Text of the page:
Social media is a medium that requires participation. At its core, people are talking to people. When it comes to businesses, they too have to participate. Many marketers are feeling powerless because they have clients (or bosses) who don’t embrace social media but at the same time, expect unrealistic outcomes.
Over time, this scenario produces a feeling of impotence within marketers, which is difficult to cope with while trying to cultivate social media ROI.
I would like to stop this madness. How about you?
Let’s foster a solution so that both sides can co-exist and find common ground.
We’ve all been here.
You get a call or email from someone who “wants to do social media.” The prospect has no real social media presence and often their website is lacking the core components to compete in today’s market. These are people who need support and guidance…and it’s your desire to help them. Finding common ground would be useful, no?
At first glance, this can seem promising. It will register to your brain that you’ve got an enthusiastic prospect, but this can sometimes be an illusion. You find that you go through your initial process and learn that what they really wanted is for somebody to relieve their pain by posting some stuff on Facebook.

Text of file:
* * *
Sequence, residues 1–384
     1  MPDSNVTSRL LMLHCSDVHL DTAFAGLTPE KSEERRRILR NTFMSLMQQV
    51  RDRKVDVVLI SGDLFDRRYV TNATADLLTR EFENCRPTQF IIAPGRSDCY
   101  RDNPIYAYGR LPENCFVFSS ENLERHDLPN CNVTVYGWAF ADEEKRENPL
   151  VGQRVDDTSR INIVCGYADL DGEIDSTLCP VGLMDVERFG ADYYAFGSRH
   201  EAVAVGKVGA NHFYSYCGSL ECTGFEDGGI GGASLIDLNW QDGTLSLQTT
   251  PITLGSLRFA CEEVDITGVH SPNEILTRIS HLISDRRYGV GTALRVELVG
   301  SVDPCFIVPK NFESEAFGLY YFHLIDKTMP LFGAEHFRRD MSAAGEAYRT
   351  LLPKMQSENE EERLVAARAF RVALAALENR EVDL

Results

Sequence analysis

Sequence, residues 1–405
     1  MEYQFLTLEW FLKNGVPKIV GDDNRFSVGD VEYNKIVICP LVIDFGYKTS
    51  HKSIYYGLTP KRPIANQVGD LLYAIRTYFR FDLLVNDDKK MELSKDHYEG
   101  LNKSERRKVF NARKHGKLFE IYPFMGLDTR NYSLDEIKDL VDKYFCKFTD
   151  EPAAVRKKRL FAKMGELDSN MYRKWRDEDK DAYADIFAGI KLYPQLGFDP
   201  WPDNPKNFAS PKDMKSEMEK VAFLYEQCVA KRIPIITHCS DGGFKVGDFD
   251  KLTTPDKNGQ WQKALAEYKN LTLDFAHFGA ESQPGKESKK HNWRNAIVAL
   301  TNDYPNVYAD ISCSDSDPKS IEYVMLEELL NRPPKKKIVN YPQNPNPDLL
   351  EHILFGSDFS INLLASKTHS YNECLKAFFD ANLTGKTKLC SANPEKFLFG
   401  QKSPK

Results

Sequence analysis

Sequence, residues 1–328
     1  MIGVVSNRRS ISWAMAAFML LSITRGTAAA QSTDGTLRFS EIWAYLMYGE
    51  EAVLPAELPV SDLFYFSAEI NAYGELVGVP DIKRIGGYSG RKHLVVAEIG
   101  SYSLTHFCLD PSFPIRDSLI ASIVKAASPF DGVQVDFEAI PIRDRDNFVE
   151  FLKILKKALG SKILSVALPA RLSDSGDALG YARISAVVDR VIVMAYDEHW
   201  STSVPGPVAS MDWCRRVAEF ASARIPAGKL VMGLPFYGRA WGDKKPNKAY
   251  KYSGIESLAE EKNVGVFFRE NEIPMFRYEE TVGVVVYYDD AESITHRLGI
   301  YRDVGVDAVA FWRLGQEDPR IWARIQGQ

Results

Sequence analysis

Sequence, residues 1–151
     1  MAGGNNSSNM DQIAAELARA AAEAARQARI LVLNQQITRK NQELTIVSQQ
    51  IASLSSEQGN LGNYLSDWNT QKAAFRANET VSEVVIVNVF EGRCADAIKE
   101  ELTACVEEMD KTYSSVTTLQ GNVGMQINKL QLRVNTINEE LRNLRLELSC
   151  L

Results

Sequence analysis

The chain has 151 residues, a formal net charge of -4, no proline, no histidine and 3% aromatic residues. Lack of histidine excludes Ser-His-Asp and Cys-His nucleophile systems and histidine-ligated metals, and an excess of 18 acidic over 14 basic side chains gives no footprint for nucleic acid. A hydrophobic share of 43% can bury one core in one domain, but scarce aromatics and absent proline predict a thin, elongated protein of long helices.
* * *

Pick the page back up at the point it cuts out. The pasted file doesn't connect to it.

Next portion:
Social media is so much more than posting stuff on Facebook.
Many questionable vendors are only too happy to take the client’s money and give them exactly what they asked for: “Post stuff on Facebook.” But you’re different.Your intention is to make an impact on those you serve. You genuinely want your client to reach their goals.
When clients don’t embrace social media, and leave content and community building solely up to the marketer, a feeling of ineffectiveness can creep in.
The good news is there are tactics available to alleviate some of the frustration.
How to Avoid Feeling Impotent When Clients Don’t Embrace Social Media
Let’s face it, we all need to make a living but when your client or boss doesn’t embrace social media, there’s no solution that will magically turn their digital reputation around.
These tips will help you cope with what you’ve got and help you be more deliberate about the actions you take going forward.
1. Set yourself up for success by attracting the right clients.